|Interaction||Components & Design|
How to walk like an Egyptian – The Rules
There isn’t much of a story to Luxor. Each player controls a group of adventurers as they make their way through the legendary temple of Luxor to the pharaoh’s burial chamber. It’s not so much what you’re doing or why that makes Luxor interesting. It’s the how.
On your turn you may move one of your adventurers by playing a card from your hand of five. Mostly that allows you to move a fixed number of step forward, some cards make you roll the dice or allow you to move a single step backwards. “But that’s not new!” I hear you yell. Well, no. The new thing is that you can only play the two outside cards in your hand. The new card you draw is added in the middle. You’re obviously not allowed to reorder cards in your hand.
This tiny twist makes picking a card more than a one-dimensional decision. It’s not only about where you want to move now, it’s also about the card that becomes available for your next turn. That, in turn, meshes well with the rest of Luxor. When moving, you only count spaces that still have a tile on them. Many tiles are removed during the game. That two in your hand might take you further next round. On the other hand, another player removing a tile that you counted on being there may mess up your next turn because now you’ll move too far.
And on top of that, what tile you want to get to should feature in your decision as well. Most common are treasure tiles. You have to get the right number of your own meepventurers on those tiles to collect them. You gain some victory points immediately, and for every set of vase, jewelry and statue you’ll score more points at the end of the game. Some treasure spaces remain empty, shortening the way through the temple. Others are refilled with temple tiles with different special effects. You might, for example, find a tunnel that lets you move forward to the next tile with a tunnel.
Next, there are Horus tiles where you pick up special movement cards. Those might let you pick freely how far you want to go, or they might move all your meepventurers. They still follow the normal rules, though, so you add them in the middle of your hand and have to get to them to use them. Alternatively, you can pick up a key on a Horus tile, the only way to enter the burial chamber. Keys sound important, but the game ends when two meepventurers have entered the chamber. It’s a perfectly sound strategic decision to forego keys and burial chamber and collect your points another way.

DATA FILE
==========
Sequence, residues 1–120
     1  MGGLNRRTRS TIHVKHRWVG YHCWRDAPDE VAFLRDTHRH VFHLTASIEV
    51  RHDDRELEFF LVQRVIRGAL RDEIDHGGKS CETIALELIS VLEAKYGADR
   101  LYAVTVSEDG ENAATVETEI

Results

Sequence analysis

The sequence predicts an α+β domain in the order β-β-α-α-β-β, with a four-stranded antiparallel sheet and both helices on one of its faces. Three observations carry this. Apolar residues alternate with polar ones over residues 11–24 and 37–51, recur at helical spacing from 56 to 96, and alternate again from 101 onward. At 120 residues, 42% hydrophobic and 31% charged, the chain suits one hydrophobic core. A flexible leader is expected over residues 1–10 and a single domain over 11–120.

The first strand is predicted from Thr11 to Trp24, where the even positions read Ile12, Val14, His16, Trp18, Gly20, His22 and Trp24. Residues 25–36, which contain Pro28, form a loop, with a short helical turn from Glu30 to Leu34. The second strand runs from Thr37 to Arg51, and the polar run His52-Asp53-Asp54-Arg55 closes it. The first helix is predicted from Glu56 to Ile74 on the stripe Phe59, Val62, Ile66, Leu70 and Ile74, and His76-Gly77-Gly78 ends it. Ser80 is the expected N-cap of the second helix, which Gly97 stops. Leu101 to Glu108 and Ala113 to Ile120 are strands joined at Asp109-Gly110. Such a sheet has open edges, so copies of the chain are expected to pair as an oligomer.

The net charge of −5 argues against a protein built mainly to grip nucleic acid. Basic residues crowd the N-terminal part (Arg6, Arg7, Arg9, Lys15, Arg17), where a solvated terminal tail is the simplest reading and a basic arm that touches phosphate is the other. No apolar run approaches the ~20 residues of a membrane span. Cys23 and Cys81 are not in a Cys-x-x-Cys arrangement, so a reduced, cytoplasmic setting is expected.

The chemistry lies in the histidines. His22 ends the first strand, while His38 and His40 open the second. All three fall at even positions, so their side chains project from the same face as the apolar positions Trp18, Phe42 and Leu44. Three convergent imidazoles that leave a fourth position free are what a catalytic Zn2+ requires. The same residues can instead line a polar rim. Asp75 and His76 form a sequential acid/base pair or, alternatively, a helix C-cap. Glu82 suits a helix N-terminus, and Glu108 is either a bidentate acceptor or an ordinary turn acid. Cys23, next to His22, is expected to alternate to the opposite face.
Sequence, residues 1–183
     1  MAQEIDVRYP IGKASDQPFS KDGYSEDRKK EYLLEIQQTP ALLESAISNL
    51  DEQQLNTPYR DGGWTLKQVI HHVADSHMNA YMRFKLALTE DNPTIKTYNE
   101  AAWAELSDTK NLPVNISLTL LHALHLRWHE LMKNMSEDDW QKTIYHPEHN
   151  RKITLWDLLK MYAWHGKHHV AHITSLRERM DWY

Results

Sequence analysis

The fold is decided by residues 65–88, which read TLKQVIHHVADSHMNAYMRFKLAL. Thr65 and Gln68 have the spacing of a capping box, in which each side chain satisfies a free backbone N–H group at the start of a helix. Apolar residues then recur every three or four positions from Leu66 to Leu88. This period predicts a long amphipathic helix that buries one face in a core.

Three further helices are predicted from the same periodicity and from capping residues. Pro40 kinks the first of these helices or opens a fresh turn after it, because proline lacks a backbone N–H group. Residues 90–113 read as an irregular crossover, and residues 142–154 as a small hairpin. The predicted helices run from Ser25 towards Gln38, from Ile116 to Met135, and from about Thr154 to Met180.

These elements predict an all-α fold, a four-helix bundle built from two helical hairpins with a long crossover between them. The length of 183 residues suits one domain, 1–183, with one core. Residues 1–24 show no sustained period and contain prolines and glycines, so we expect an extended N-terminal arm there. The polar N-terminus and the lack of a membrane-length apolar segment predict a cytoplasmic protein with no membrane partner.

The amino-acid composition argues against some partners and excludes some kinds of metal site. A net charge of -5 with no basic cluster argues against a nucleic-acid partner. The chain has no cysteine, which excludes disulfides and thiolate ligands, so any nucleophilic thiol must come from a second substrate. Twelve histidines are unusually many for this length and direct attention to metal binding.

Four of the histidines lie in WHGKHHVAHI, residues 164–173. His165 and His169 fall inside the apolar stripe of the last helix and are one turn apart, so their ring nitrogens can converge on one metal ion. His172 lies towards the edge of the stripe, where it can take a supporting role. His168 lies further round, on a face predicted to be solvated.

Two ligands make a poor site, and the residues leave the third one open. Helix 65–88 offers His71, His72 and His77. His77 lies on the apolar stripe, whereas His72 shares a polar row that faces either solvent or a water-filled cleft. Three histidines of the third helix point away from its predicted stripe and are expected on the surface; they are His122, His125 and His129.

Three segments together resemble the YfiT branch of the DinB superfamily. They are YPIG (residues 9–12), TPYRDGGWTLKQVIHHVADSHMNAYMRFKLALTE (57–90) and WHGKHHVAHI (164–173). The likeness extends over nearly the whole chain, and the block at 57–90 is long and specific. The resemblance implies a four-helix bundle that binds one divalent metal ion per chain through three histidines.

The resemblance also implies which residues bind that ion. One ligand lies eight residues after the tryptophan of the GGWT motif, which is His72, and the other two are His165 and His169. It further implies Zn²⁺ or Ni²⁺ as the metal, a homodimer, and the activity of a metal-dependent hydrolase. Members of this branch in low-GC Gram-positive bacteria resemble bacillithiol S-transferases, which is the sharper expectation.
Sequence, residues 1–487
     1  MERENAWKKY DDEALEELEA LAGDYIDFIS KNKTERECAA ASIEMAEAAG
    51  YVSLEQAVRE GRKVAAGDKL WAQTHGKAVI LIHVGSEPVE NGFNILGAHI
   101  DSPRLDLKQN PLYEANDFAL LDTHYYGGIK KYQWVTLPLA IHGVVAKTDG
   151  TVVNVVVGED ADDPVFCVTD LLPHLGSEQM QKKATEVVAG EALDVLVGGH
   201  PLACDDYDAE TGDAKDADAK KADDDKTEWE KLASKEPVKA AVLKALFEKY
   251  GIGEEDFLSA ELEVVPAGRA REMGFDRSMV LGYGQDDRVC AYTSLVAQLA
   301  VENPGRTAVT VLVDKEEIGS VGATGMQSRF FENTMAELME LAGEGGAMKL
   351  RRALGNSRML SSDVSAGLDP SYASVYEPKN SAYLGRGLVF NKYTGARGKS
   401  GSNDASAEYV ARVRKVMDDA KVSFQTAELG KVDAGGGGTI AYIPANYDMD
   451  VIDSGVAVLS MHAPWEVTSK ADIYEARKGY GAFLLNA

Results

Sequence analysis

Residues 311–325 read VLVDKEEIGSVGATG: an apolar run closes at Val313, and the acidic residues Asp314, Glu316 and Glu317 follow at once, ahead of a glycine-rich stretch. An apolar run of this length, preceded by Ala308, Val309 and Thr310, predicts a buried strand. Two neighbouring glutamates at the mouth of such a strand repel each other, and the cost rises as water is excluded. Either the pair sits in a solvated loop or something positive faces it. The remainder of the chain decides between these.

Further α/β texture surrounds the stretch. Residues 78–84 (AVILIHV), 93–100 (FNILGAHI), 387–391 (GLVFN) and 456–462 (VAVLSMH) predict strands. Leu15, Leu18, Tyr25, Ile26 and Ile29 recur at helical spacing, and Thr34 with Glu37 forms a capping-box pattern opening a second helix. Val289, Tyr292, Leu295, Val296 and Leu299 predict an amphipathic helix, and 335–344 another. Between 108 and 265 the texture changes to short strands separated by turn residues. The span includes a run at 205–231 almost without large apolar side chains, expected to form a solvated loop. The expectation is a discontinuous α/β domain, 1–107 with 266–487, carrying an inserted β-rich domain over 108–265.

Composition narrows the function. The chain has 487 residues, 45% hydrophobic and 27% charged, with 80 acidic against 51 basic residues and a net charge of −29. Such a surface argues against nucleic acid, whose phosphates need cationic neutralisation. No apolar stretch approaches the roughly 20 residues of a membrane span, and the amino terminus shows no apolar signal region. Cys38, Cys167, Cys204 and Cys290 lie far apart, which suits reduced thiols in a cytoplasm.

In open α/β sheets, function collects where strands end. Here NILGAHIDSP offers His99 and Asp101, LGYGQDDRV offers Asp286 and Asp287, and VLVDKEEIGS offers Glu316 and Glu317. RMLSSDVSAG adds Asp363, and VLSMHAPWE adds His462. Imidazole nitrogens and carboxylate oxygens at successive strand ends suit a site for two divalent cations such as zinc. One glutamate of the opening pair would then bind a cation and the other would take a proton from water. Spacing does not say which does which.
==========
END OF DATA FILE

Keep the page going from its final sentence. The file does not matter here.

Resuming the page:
Finally, there are the rather boring Osiris tiles. All they do is move a meepventurer that lands on them an additional number of steps forward. Other than different tiles there is one more feature of interest on the board: the three statues of Anubis. You start the game with two of your meepventurers in play. When you pass a statue of Anubis you start another one at the entrance of the temple. They’ll have to do some catching up, but between the disappearing tiles and the tunnels you may have discovered that’s hardly a problem.
Quickly moving them further into the temple is important. As mentioned above, the game ends when two meepventurers have reached the burial chamber. When that happens one source of points is how far each of your meeple has advanced into the temple. The two players to enter the chamber get some bonus points for finding the two sarcophagi on top of the points for reaching the center of the temple. Some more points for sets of treasure tiles, some for scarab tiles, add the points you already got for treasure tiles when you collected them, stir gently and you have a winner.
Weigh the die against a feather – The Verdict
Up in the introduction I made it sound like Luxor is full of extra hard decisions. In a way, that’s true. The decision which card you play has many implications. At the same time, you decide between two cards. Two options, no more. No player powers. No secret special action tiles. You pick one of two cards.
This split between only two options but many consequences sounds like it shouldn’t work. In fact, for a family game like Luxor it works splendidly. The two options will not overtax an eight year old, and the luck of drawing movement cards works well as an equalizer. At the same time, you always feel in control. Everything that happens comes from your decisions.
Luxor also gives you something too many family games are still missing: different ways to victory. You can play Luxor as a race to the burial chamber. If you get two of your own meepventurers there quickly enough, those points might be enough. Or you might lose to a player that went slowly and collected treasure tiles.
At the time of writing we already know that Luxor didn’t win the Spiel des Jahres. Azul did. But Luxor was without a shadow of a doubt a worthy nominee.